Married borrowers enrolled in the Income-Driven Repayment (IDR) or Pay As You Earn (PAYE) plan have the option to exclude their spouse’s income from monthly payment calculations if they file their taxes separately. As your family grows, the benefit to filing separately may also increase. This rule also applies to couples who both have student loans.

Parents will need to weigh the benefits of lower monthly payments against the potentially higher tax bill from filing separately. This math makes tax season more complicated, but it is worth exploring as potential savings can be significant.

Private Loan Planning for Borrowers with a Kid on the Way

Private student loans are far less flexible than federal loans. This lack of flexibility certainly extends to new parents. Each private loan is different, but the vast majority of lenders offer very little assistance to young families.

However, there are a couple of strategies that could potentially make life with private student loans slightly more manageable.

Getting Help from Lenders During Paternity Leave

It’s extremely rare for lenders to provide a specific forbearance or deferment option for paternity leave.

However, many private loans do offer hardship deferment or forbearance. If you are on an unpaid or reduced pay paternity leave, you may be eligible for a temporary break in payments.

Keep in mind that interest will continue to accrue during any payment pause. Thus, borrowers should only explore this option if a temporary break from payments is the only help they need.

Lowering Monthly Payments

Some private student loans offer borrowers the option to extend the loan’s repayment length. For instance, if your current repayment plan is set to repay your loan in five years, switching to a ten-year repayment plan could significantly reduce your monthly payments.

Another strategy to consider a private student loan refinance. Depending on your credit score and current loan terms, you may be able to refinance and get a significantly lower interest rate and monthly payment.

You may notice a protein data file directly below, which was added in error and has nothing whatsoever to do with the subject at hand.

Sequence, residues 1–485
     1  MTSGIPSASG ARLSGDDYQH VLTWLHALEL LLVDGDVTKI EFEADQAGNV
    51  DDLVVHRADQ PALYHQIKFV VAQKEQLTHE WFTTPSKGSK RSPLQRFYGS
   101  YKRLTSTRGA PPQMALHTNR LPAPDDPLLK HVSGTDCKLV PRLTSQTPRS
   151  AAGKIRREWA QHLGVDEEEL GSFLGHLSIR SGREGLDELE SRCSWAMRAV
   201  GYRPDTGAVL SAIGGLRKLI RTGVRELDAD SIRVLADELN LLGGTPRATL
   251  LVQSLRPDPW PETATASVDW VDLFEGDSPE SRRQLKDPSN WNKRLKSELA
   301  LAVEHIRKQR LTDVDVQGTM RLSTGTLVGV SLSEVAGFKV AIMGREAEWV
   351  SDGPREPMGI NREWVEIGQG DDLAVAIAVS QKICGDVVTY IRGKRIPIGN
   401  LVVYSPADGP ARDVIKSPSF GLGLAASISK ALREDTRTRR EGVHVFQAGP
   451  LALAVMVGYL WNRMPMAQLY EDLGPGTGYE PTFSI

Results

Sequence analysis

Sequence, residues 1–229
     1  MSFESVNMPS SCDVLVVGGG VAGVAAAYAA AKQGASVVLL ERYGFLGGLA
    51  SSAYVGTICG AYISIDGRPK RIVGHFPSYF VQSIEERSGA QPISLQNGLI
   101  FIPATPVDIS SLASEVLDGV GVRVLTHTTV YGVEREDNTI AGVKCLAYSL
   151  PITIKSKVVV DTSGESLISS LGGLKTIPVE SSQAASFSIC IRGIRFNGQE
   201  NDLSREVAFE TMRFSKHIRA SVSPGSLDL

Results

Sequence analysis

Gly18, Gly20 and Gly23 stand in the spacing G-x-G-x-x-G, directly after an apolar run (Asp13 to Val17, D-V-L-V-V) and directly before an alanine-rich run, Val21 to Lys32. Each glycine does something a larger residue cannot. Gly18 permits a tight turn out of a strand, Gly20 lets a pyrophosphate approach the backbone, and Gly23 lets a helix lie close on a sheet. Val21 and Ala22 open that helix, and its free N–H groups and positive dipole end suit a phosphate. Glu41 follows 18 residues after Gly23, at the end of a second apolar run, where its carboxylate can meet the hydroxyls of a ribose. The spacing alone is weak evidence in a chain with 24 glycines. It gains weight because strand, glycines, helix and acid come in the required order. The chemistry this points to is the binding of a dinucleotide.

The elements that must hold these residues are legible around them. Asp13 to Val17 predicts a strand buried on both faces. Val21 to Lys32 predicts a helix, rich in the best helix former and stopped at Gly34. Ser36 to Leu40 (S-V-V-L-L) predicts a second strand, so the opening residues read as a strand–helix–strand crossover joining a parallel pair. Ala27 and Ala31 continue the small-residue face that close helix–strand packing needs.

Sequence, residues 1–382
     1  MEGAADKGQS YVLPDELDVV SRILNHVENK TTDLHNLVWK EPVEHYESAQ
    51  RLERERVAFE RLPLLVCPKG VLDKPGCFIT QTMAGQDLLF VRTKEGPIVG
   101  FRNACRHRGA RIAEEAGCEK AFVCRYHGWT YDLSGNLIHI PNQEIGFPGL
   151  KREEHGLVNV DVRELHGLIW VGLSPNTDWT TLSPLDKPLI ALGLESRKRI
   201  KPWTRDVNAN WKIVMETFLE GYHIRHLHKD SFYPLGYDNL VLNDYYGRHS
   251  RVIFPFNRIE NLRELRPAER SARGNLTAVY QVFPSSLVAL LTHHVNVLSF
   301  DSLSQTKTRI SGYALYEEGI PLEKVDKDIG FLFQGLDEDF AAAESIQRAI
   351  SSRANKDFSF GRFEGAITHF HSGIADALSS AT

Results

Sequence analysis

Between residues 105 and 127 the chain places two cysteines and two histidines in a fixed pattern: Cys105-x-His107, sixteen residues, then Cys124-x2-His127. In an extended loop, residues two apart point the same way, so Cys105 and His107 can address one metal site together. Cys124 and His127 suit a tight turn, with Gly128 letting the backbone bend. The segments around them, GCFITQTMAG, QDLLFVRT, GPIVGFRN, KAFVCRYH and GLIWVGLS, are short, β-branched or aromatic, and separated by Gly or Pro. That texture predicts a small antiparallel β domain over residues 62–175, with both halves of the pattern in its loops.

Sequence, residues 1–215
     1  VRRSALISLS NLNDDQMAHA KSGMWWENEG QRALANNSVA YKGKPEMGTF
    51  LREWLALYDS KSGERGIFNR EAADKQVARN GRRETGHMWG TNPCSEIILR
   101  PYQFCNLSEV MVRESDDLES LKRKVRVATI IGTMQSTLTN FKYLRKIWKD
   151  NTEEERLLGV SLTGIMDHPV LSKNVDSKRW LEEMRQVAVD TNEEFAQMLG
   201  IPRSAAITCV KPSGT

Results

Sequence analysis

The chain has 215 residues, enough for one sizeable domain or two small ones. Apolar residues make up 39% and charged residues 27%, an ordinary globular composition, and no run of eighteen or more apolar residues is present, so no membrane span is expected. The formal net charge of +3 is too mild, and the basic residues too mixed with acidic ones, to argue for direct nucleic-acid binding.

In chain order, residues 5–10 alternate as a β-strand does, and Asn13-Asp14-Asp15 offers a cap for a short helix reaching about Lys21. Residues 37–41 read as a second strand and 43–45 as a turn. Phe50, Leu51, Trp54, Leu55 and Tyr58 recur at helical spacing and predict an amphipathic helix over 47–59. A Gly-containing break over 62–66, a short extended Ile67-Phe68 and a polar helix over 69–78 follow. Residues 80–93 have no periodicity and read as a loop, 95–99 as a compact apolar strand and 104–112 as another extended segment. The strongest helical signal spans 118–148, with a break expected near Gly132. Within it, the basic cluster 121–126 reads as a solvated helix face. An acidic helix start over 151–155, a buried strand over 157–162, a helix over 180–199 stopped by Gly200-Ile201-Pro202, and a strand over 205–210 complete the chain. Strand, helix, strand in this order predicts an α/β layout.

Sherpa Tip: A successful refinance usually requires a strong credit score and debt-to-income ratio.

If you are a parent who is about to leave the workforce or take a lower-paying job, it is better to refinance before this change happens.

Other Financial Considerations

As you consider the impact of student debt, it is also important to remember that other forms of financial relief are available to parents.

High costs like daycare and medical bills make raising a child expensive, but other resources are available beyond student loan help.

Tax breaks

Tax season can help reduce the financial strain of having children.

Parents may qualify for a tax credit for each child and a child care credit for daycare and babysitting costs.

The list of tax breaks for parents is quite extensive and can provide much-needed budget relief.

Building Up Your Emergency Fund

Another important financial consideration for new and expectant parents is their emergency fund.

For example, an emergency fund for a family of four should be larger than the emergency fund for a single person.

If you are planning your finances in advance of having children, building up the emergency fund is a great idea.

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About the Author

Student loan expert Michael Lux is a licensed attorney and the founder of The Student Loan Sherpa. He has helped borrowers navigate life with student debt since 2013.

Insight from Michael has been featured in US News & World Report, Forbes, The Wall Street Journal, and numerous other online and print publications.

Michael is available for speaking engagements and to respond to press inquiries.